The association of the era beginning in 57 BCE with Vikramaditya is not found in any source before the 9th century CE; earlier sources call the era "Kṛṭa" (343 and 371 CE), "Kritaa" (404), "the era of the Malava tribe" (424), or simply "Samvat". [5] [6] The earliest known inscription which calls the era "Vikrama" is from 842. This inscription, from the Chauhana ruler Chandamahasena, was found at Dholpur and is dated "Vikrama Samvat 898, Vaishakha Shukla 2, Chanda" (20 April 842). The earliest known inscription which associates the era with a king called Vikramaditya is dated 971, and the earliest literary work connecting the era to Vikramaditya is Subhashita-Ratna-Sandoha (993-994) by the Jain author Amitagati. [6]

A number of authors believe that the Vikram Samvat was not started by Vikramaditya, who might be a legendary king or a title adopted by a later king who renamed the era after himself. V. A. Smith and D. R. Bhandarkar believed that Chandragupta II adopted the title of Vikramaditya, and changed the era's name to "Vikrama Samvat". According to Rudolf Hoernlé, the king responsible for this change was Yashodharman. Hoernlé believed that he conquered Kashmir and is the "Harsha Vikramaditya" mentioned in Kalhana's Rajatarangini . [6]

Some earlier scholars believed that the Vikram Samvat corresponded to the Azes era of the Indo-Scythian (Śaka) king King Azes. This was disputed by Robert Bracey after the discovery of an inscription of Vijayamitra, which is dated in two eras. [7] The theory was discredited by Falk and Bennett, who place the inception of the Azes era in 47–46 BCE. [8]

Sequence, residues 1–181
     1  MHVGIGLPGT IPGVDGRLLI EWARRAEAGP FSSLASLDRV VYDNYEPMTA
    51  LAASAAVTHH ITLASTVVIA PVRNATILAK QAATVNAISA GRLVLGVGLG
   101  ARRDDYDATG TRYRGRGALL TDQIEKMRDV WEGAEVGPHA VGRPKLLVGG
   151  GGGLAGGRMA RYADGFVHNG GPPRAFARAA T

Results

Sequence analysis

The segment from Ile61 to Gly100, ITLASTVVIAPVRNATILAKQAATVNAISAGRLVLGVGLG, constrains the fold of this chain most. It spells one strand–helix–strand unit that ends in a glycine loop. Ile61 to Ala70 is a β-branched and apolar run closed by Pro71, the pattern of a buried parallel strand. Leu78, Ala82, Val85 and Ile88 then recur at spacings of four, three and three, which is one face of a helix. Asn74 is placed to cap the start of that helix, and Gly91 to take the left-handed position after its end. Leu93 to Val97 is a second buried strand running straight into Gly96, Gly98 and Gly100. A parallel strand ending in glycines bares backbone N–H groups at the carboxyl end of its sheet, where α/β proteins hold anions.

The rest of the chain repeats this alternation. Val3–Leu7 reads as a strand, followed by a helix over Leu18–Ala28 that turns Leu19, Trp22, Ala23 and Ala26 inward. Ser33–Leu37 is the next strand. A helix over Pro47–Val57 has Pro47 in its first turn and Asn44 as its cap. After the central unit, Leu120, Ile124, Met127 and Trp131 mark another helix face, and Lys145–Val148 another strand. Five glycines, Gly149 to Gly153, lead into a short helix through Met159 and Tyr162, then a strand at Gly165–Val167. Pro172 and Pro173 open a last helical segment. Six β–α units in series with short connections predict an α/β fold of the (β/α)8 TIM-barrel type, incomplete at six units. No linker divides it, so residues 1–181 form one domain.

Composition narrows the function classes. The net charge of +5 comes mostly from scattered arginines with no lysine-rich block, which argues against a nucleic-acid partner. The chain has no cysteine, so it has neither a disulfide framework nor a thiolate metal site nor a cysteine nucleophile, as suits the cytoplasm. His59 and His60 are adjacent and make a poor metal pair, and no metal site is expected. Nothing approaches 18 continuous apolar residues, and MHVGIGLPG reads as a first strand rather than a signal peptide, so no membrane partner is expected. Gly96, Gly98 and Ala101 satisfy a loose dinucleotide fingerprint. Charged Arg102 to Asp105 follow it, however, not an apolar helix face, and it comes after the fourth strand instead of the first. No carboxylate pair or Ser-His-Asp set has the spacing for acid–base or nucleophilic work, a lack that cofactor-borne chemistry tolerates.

The Vikram Samvat has been used by Hindus, Sikhs, [9] and Pashtuns. [10] One of several regional Hindu calendars in use on the Indian subcontinent, it is based on twelve synodic lunar months and 365 solar days. [9] [11] The lunar year begins with the new moon of the month of Chaitra. [12] This day, known as Chaitra Sukhladi, is a restricted (optional) holiday in India. [13] [ failed verification ]

The calendar remains in use by people in Nepal serving as its national calendar where the first month is Baisakh and the last month is Chaitra. It is also symbolically used by Hindus of north, west and central India. [3] In south India and portions of east and west India (such as Assam, West Bengal and Gujarat), the Indian national calendar is widely used. [14]

With the arrival of Islamic rule, the Hijri calendar became the official calendar of sultanates and the Mughal Empire. During British colonial rule of the Indian subcontinent, the Gregorian calendar was adopted and is commonly used in urban areas of India. [15] The predominantly-Muslim countries of Pakistan and Bangladesh have used the Islamic calendar since 1947, but older texts included the Vikram Samvat and Gregorian calendars. In 2003, the India-based Sikh Shiromani Gurdwara Parbandhak Committee controversially adopted the Nanakshahi calendar. [9] Alongside Nepal Sambat, Vikram Samvat is one of two official calendars used in Nepal. [16]

Calendar system